Hygiene practices were more fully explained in the handbook of the Ministry of Health (Ministério da Saúde, 2012a). The other national handbooks addressed the topic when discussing care of the breasts, especially during the activities of hand expression and milk storage for pasteurization. Hygiene practices related to the care and supply of formula or pasteurized breast milk mainly referred to the sterilization of glasses, utensils and bottles (Ministério da Saúde, 2009, 2010a; UNICEF, 2008). Among the state handbooks, this category was addressed in the handbooks of Minas Gerais and Paraná (Secretaria Estadual de Saúde de Minas Gerais, 2012; Secretaria Municipal da Saúde de Curitiba, 2011).

In the handbooks of Mato Grosso do Sul state, the use of bottles is identified as a major cause of infection, diarrhea and even infant mortality, however, specific information about the hygiene of the bottles is not described (Secretaria Estadual de Saúde do Mato Grosso do Sul, 2007a, 2007b, 2007c).

Complementary feeding was partially addressed in the national handbooks and the state handbooks of Minas Gerais and Mato Grosso do Sul. The statements related to breast milk indicated the introduction of complementary foods after six months of exclusive breastfeeding as an important measure for the nutrition and health of the child (Ministério da Saúde, 2009, 2010a, 2010b; Secretaria Estadual de Saúde de Minas Gerais, 2012; Secretaria Estadual de Saúde do Mato Grosso do Sul, 2007a, 2007b, 2007c), corroborating the study of Thakur et al. (2015) and the guidelines of the PAHO (2013). In the handbooks of indigenous groups (Secretaria Estadual de Saúde do Mato Grosso do Sul, 2007a, 2007b, 2007c), the type of complementary food was carefully described, related to the products available in the village, valorizing products produced there and free from preservatives and pesticides. Artificial feeding was primarily cited as an alternative due to breastfeeding contraindications (Ministério da Saúde, 2010a, 2010c, 2013b).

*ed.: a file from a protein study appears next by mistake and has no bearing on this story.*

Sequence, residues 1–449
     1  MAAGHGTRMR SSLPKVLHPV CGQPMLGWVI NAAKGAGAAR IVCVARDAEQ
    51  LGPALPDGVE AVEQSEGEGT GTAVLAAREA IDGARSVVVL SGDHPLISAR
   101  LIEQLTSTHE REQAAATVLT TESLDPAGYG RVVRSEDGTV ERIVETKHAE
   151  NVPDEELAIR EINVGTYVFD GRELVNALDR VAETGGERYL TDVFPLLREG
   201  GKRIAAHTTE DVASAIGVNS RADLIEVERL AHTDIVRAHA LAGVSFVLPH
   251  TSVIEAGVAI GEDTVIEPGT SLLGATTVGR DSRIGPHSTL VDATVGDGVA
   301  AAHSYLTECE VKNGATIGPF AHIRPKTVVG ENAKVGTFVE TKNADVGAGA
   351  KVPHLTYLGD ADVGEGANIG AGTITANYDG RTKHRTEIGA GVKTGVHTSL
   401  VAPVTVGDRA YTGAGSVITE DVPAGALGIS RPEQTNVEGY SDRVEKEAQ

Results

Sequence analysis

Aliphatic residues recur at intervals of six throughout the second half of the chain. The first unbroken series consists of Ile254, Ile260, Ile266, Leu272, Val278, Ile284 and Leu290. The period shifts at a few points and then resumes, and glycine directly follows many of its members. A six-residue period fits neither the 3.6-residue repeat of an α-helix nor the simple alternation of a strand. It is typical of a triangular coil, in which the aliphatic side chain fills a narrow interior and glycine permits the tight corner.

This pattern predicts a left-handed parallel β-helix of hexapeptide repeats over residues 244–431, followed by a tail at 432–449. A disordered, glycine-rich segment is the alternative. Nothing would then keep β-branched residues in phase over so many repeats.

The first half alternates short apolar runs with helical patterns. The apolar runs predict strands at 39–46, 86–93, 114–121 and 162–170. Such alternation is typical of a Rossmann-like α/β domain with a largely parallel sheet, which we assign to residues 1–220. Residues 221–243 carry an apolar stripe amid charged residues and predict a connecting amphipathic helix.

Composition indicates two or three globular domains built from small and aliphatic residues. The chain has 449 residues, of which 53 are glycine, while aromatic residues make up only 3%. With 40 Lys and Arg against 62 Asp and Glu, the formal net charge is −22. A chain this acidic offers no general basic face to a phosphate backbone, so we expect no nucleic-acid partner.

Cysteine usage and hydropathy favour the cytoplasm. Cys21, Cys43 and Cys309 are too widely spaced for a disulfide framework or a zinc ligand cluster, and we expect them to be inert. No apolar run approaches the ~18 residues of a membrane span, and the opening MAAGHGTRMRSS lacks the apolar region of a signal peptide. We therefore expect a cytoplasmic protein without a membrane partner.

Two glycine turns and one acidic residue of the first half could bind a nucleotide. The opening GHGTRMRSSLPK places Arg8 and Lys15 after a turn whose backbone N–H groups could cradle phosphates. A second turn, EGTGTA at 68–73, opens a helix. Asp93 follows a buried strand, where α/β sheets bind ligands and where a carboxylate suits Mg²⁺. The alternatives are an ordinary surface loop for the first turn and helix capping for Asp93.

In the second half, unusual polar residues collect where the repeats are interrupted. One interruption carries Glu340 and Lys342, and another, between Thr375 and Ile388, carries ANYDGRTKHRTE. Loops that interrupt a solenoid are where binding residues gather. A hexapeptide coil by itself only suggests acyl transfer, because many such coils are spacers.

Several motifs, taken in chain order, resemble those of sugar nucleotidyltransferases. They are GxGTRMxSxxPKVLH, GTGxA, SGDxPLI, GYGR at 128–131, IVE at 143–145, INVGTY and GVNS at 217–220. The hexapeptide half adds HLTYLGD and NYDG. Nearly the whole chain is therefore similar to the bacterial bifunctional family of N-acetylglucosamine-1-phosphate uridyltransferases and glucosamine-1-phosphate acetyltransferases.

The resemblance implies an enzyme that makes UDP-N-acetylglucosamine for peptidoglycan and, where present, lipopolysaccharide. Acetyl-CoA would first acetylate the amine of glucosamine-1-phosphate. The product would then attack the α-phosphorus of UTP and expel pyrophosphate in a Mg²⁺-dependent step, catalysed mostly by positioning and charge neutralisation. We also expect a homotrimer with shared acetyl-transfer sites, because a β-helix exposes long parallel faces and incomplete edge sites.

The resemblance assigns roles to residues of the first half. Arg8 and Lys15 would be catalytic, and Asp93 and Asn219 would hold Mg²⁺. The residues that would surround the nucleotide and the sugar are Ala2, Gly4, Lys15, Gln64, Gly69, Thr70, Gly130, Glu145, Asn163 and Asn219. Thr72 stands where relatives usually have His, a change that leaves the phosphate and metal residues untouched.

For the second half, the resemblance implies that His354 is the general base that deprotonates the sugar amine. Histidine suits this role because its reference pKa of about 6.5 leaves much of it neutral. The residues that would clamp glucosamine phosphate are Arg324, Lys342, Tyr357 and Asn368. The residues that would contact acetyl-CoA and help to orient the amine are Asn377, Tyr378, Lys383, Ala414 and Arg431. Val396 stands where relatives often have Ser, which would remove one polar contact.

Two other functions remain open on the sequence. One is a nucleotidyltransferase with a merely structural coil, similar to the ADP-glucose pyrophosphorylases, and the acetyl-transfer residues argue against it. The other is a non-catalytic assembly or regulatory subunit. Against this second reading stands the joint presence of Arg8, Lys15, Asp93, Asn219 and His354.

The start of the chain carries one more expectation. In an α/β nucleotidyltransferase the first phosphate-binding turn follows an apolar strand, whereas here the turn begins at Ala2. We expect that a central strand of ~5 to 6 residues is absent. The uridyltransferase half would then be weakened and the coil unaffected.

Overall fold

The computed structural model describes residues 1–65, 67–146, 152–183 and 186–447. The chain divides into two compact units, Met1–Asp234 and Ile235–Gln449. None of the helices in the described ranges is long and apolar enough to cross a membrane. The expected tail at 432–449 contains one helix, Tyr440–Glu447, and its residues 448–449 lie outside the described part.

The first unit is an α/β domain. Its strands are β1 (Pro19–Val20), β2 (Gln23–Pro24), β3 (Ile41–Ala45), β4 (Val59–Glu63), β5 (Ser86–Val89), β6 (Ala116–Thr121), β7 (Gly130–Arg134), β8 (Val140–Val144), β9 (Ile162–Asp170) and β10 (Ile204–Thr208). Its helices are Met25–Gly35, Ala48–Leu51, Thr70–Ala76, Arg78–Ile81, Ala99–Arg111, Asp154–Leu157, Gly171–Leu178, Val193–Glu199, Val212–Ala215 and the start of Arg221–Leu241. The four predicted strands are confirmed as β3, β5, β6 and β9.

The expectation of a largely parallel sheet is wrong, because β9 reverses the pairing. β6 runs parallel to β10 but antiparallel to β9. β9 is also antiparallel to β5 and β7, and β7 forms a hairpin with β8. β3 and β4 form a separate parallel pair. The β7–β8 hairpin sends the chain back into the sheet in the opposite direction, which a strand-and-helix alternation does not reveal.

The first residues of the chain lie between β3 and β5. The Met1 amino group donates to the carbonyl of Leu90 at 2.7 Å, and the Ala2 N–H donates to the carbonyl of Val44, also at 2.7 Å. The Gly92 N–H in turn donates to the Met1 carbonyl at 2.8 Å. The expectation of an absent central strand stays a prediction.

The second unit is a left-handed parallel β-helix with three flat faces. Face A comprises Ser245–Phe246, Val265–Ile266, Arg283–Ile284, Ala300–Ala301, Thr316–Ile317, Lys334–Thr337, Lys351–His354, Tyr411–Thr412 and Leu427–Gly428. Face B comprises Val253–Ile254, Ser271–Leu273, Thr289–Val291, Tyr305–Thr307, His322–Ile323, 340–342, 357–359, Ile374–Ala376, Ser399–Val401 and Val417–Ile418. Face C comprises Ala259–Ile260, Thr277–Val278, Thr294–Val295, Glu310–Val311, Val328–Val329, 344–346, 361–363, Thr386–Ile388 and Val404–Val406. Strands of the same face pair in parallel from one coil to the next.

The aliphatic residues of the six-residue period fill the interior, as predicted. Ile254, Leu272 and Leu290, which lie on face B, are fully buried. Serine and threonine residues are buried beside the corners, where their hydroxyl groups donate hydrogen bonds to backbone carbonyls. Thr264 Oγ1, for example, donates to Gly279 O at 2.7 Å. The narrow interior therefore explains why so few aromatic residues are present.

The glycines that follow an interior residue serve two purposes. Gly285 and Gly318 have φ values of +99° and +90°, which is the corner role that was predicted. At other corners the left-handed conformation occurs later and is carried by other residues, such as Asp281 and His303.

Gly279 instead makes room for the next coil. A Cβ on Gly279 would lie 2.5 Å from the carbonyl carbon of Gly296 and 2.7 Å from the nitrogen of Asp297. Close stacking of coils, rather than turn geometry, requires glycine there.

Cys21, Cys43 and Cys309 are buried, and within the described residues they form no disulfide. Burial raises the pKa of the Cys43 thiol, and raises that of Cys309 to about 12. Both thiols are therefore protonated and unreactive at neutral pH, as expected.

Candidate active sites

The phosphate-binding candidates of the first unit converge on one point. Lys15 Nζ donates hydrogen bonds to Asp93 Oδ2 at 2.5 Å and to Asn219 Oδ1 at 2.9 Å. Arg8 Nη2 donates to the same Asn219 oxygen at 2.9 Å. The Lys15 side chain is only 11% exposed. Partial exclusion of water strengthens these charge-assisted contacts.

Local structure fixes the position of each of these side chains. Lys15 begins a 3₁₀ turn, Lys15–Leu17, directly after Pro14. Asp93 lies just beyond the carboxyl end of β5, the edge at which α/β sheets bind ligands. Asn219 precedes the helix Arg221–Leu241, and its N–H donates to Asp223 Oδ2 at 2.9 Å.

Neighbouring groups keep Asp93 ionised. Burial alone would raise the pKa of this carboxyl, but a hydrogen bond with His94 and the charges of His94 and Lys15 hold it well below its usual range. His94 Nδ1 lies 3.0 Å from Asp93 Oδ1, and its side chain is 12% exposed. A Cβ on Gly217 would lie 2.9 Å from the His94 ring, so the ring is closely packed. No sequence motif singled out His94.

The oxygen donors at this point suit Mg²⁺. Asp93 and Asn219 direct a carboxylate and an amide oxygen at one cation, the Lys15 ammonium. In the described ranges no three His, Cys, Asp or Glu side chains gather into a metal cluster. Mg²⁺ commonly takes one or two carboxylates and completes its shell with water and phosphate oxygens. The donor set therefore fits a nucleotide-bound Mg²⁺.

Regarding the psychological benefits of breastfeeding or artificial feeding, it was found that this was the item least discussed in the national handbooks (Ministério da Saúde, 2009; UNICEF, 2008). The behaviors performed in the act of feeding the baby, in the way in which they are presented, are more related to survival and nutrition, without considering the aspects of the very strong bonding between mother and child that takes place during this activity. Among the state handbooks, in the indigenous health handbooks, the notes of the Kaiwá people highlighted the provision of breast milk as an act that is also able to convey love and affection (Secretaria Estadual de Saúde do Mato Grosso do Sul, 2007a). In the handbook of the Terenas people, as well as covering nutritional issues, immunity and emphasizing healthy complementary feeding with natural products, also present in other handbooks (2007a, 2007c), breastfeeding is described as capable of promoting the "affective bond between mother and child" (2007b, p. 14). The picture following the statement does not show the provision of the breast but other food being given to an older child, suggesting that this bond goes beyond the condition of breastfeeding. The handbook of the state of Minas Gerais points out that babies who are breastfed, in addition to health benefits as a whole, present "better emotional, social, motor and intelligence development"(Secretaria Estadual de Saúde de Minas Gerais, 2012, p. 5).

In the second analysis, other aspects were highlighted as relevant in the breastfeeding handbooks. The result of this analysis, with structuring of the categories after reading the handbooks, is divided into two parts: Table 2, analysis of the national handbooks and Table 3 analysis of the regional handbooks.